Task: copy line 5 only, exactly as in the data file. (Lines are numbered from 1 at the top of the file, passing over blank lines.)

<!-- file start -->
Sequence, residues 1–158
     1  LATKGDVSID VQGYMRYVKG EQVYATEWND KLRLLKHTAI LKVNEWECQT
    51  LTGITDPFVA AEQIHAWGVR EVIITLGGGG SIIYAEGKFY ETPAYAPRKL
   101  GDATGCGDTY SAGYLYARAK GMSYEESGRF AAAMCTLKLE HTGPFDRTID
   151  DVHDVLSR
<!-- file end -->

   151  DVHDVLSR